By Emily Leclerc, Waisman Science Writer The month of October is Down Syndrome Awareness Month and is dedicated to not only raising awareness about Down syndrome but also to celebrating the abilities and accomplishments of …
The University of Wisconsin-Madison will be one of 25 sites to study early brain and behavior development and the impact of early exposure to substances – such as opioids – and social stressors in infants and young children.
A new study from the Binaural Hearing and Speech (BHS) Lab at the Waisman Center examines functional near-infrared spectroscopy (fNIRS) – a neuroimaging option that is safe for individuals with metal implants
The adaptability of children with disabilities has inspired Bernadette Gillick, PhD, MSPT, PT for the majority of her career.
A team of researchers at the University of Wisconsin–Madison is part of a new multi-institution effort to better understand Alzheimer’s disease in adults with Down syndrome. Adults with Down syndrome are at high risk for …
Congratulations to Aviad Hai, assistant professor of biomedical engineering and a Waisman affiliate, on being selected as a 2020 National Institutes of Health Director’s New Innovator Award.
Can the way a person moves be a key identifier of autism? It’s a question that Waisman Center investigator Brittany Travers, PhD, is trying to answer.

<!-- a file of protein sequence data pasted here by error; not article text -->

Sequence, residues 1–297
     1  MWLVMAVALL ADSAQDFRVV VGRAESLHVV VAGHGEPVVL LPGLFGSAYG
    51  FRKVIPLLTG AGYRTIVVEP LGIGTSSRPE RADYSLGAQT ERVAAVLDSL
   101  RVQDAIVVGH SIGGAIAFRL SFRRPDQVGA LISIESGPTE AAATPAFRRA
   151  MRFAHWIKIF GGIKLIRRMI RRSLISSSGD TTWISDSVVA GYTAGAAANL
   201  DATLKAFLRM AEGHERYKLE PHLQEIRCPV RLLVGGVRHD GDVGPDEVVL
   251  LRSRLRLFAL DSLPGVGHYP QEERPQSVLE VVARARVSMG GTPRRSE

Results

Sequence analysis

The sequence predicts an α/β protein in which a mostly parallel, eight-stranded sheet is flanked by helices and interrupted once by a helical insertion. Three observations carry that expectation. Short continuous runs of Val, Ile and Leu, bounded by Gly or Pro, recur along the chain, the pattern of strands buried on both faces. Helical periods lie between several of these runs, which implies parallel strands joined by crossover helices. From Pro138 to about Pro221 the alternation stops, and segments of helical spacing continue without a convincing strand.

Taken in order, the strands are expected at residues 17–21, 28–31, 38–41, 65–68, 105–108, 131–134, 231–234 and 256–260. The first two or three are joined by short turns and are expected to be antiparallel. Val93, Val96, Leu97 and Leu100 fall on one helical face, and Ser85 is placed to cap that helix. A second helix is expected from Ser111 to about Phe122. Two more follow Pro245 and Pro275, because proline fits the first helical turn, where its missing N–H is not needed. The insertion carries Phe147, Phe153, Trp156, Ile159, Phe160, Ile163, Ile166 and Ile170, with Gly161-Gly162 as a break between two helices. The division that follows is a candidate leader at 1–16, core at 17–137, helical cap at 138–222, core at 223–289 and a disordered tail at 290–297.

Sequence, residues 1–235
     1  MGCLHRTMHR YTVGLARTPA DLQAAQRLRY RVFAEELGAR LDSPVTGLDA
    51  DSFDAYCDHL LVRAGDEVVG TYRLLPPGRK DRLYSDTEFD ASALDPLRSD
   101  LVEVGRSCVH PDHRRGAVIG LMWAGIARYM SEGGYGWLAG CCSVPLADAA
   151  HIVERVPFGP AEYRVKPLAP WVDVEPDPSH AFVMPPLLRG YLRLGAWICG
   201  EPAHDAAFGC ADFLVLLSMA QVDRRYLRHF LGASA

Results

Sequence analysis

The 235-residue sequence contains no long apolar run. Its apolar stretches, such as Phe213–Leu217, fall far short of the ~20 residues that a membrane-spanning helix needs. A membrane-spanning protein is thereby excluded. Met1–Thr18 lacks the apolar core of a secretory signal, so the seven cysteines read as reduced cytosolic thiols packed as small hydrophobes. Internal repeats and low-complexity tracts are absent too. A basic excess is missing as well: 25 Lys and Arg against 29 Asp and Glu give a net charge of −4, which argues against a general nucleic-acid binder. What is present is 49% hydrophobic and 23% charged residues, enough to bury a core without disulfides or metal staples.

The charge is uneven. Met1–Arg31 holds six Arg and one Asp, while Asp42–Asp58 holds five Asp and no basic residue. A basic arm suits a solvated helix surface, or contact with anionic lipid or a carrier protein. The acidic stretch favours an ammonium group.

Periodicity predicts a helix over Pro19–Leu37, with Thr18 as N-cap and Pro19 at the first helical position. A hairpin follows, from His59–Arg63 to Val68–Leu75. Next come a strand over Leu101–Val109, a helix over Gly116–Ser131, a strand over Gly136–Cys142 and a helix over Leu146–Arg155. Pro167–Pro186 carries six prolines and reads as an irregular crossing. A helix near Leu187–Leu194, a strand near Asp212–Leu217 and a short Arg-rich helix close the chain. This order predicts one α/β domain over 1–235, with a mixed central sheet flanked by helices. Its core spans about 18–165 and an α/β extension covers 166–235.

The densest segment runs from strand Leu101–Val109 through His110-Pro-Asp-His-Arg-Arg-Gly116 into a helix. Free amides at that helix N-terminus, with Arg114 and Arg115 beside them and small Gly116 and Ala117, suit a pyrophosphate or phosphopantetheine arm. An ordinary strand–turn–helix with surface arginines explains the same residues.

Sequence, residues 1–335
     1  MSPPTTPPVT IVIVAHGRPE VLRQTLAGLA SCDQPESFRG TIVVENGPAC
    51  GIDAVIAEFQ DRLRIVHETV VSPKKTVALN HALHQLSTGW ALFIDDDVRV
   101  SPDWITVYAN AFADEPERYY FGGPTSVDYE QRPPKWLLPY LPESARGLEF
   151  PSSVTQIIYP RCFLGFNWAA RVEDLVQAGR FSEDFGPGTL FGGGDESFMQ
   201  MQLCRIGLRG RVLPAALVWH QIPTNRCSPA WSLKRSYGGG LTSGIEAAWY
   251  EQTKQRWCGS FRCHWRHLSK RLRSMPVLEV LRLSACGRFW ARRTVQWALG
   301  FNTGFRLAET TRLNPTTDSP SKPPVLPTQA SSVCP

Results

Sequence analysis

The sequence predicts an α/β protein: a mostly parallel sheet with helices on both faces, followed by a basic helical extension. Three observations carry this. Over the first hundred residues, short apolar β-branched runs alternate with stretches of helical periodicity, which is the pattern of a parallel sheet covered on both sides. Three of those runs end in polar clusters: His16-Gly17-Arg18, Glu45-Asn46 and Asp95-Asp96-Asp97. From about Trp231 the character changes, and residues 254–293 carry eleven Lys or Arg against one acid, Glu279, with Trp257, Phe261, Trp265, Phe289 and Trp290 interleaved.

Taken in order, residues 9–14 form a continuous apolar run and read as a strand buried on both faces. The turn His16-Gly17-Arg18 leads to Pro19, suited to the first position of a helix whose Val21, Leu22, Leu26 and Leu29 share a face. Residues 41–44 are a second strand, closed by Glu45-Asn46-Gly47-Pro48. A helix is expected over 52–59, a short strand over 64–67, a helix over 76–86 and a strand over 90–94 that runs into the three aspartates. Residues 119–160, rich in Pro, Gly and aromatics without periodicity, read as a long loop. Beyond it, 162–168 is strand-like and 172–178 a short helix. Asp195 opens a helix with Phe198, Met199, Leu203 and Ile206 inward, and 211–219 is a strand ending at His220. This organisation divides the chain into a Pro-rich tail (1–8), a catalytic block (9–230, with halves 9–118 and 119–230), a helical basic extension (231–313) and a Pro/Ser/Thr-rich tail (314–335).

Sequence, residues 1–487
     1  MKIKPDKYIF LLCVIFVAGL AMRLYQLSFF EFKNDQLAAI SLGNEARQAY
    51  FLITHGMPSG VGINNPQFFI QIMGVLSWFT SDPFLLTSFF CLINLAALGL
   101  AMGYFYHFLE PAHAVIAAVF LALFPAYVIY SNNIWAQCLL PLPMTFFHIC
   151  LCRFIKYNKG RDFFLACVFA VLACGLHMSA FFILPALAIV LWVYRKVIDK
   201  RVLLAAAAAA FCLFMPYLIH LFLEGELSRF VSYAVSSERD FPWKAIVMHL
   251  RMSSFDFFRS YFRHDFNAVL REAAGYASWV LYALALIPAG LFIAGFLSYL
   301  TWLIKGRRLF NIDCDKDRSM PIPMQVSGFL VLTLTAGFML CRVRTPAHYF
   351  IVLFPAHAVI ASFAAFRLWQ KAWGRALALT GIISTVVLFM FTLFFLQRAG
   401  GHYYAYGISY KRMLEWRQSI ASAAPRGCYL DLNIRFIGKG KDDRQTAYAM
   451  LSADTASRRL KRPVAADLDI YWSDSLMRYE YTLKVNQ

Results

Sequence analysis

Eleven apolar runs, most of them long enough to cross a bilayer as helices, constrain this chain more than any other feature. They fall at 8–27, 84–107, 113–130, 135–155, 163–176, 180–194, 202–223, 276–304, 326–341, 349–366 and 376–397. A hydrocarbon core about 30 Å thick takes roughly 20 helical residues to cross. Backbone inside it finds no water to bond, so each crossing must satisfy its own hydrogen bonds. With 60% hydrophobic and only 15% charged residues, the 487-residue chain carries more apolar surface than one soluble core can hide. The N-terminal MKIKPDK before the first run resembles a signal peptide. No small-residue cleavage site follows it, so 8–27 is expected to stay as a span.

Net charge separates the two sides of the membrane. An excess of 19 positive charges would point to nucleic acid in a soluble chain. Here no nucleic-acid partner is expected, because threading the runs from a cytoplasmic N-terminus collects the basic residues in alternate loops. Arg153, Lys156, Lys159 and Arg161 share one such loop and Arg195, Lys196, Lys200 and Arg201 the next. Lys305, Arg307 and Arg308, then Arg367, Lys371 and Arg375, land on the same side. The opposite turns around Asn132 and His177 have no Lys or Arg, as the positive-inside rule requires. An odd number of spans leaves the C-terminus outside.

What images come to mind when you hear the phrase social brain? Do you think of children running around on a playground laughing together? Do you think of problem solving or imagine colorful brain scans? Do you think of autism? These are the questions that inspired a breadth of autism research that was recently evaluated by a team of Waisman scientists and compiled into a new literature review.
In 2012, Edward Hubbard, a cognitive neuroscientist and assistant professor with UW‒Madison’s Department of Educational Psychology, created the Educational Neuroscience Lab to understand — through functional magnetic resonance imaging (fMRI) — how the physical changes that occur in children’s brains as they learn may help improve education practices.
A gift from the Mancheski Foundation continues to provide integral support to doctoral student Matthew Zammit as he furthers his research on the progression of Alzheimer’s disease in individuals with Down syndrome. Zammit is beginning …